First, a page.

Magnate Donates $30M to Sciences

Funds to go to mathematical biologist

An elusive tycoon who manages billions of dollars from his private island near St. Thomas has donated $30 million to Harvard to support a newly-recruited professor’s research in mathematical biology.

In a meeting two weeks ago with University President Lawrence H. Summers, financial baron Jeffrey Epstein pledged the money to support the work of mathematical biologist Martin A. Nowak, who takes his post at Harvard on July 1.

Nowak, currently a professor at Princeton’s Institute of Advanced Study, uses mathematics to model human behavior, the evolution of human language and the genetic changes that occur in cancerous cells.

Nowak, 36, was granted tenure by Harvard in August 2002. He was given a rare joint appointment in the mathematics and the organismic and evolutionary biology departments.

The offer came after Summers’ call to tenure young professors and those who do interdisciplinary work. He has also repeatedly emphasized his commitment to promoting scientific research.

As a leading mathematical biologist, Nowak will bring an interdisciplinary focus that has been rare at Harvard.

“At Harvard, there is a tremendous opportunity,” Nowak said. He predicted that the field of mathematical biology would see enormous growth in the next 50 years.

Nowak said he plans to continue investigating evolutionary theory, viruses and cancers using biological data and advanced mathematical techniques.

“I hope to contact people at the Whitehead Institute [for Biomedical Research at MIT] to work at the center and to establish a fascinating program in mathematical biology,” Nowak said. “I want to have undergraduates, post-doctorates, professors and visiting professors working at the center.”

Nowak said he first met Epstein four years ago when the two were introduced by Princeton University trustee and former Microsoft Chief Scientific Officer Nathan Myrvolb. Since then, the two have formed a close friendship, and Epstein has frequently funded Nowak’s studies—to the tune of $500,000, according to New York Magazine.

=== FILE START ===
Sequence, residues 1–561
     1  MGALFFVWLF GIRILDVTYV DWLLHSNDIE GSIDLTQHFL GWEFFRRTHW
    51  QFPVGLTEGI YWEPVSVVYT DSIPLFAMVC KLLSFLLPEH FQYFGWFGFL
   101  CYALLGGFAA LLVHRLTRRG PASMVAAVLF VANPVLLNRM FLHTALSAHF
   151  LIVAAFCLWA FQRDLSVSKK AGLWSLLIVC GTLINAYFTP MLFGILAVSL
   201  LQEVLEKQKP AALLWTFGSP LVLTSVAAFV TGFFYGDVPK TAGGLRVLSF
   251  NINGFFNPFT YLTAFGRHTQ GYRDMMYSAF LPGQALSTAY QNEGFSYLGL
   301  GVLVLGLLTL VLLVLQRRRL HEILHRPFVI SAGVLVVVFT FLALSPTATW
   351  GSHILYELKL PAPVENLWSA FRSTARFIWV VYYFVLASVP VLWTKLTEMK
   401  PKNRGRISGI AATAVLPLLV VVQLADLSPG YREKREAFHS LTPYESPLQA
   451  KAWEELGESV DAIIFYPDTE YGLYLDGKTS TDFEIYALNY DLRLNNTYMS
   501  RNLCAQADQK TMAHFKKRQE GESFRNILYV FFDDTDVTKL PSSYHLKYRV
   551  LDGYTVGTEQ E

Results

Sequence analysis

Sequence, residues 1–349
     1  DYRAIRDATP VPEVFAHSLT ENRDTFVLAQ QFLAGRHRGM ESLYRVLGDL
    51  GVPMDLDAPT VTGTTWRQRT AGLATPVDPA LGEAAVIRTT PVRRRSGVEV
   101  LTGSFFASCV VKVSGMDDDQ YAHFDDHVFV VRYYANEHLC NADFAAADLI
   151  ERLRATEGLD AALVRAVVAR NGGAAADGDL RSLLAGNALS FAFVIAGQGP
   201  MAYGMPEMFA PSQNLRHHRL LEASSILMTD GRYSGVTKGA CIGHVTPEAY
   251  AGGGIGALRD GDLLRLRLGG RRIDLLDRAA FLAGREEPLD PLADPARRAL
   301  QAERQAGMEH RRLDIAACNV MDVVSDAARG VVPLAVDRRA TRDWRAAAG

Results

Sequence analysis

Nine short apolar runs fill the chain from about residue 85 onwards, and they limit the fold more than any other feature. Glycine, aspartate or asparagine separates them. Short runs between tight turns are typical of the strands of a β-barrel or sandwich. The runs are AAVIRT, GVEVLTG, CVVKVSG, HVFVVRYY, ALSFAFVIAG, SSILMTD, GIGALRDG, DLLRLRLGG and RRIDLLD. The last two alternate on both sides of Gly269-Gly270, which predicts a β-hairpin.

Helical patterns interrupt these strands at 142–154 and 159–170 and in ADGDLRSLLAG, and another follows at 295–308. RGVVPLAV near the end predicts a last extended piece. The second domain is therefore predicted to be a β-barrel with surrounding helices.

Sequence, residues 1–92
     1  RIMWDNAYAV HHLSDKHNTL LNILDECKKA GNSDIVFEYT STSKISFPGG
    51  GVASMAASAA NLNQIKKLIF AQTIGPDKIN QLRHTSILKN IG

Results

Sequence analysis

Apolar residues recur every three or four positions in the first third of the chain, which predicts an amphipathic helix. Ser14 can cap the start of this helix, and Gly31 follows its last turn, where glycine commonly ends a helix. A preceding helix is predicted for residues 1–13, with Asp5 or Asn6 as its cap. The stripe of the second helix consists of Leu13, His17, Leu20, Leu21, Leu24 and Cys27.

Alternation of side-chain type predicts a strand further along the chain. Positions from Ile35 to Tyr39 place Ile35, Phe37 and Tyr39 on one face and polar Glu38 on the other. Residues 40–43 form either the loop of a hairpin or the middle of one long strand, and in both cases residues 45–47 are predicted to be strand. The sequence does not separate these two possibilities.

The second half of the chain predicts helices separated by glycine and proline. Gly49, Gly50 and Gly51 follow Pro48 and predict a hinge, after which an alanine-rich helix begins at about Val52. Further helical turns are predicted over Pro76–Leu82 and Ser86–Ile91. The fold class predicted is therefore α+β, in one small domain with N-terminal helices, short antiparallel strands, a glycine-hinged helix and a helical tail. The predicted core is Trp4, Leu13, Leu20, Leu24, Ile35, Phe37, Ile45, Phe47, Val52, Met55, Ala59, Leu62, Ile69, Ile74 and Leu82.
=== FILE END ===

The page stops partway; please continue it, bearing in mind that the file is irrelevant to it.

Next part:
A long-time Harvard donor, Epstein has also befriended Summers and former Dean of the Faculty of Arts and Sciences Henry A. Rosovsky, according to Nowak.

Epstein, a self-educated Coney Island native, refuses to handle accounts of less than $1 billion, according to New York Magazine.

Although he did not graduate from college, he is said to have strong intellectual passions, which have led him to cultivate friendships with Nobel-prize winners and presidents alike.

Epstein’s scientific curiosity separates him from the average philanthropist, said John Lindsley Professor of Psychology Stephen M. Kosslyn. Kosslyn has also received research money from Epstein.

“Jeffrey Epstein is one of the most intellectual people I’ve ever met,” Kosslyn wrote in an e-mail. “He’s more than just casually interested: he goes out and meets the people doing the cutting-edge work, and gets to know both them and their research in detail.”

Epstein has forged connections with both academics and politicians. For example, he introduced Nowak to President Bill Clinton, and he also brought Kosslyn together with Frankfurter Professor of Law Alan M. Dershowitz. Dershowitz now teaches a class with Kosslyn.

“He is a ‘connector’—he likes to bring people together who otherwise wouldn’t have made contact,” Kosslyn wrote.

Epstein first became well-known when he embarked on an African AIDS awareness tour with Clinton on Epstein’s personal jet. Since then, he has made major donations to humanitarian causes and scientific research.

Nowak has been one of Epstein’s favorite recipients and has used the estimated $500,000 to organize conferences and conduct research.

—Staff writer Stephen M. Marks can be reached at marks@fas.harvard.edu.

—Staff writer Lauren A.E. Schuker can be reached at schuker@fas.harvard.edu.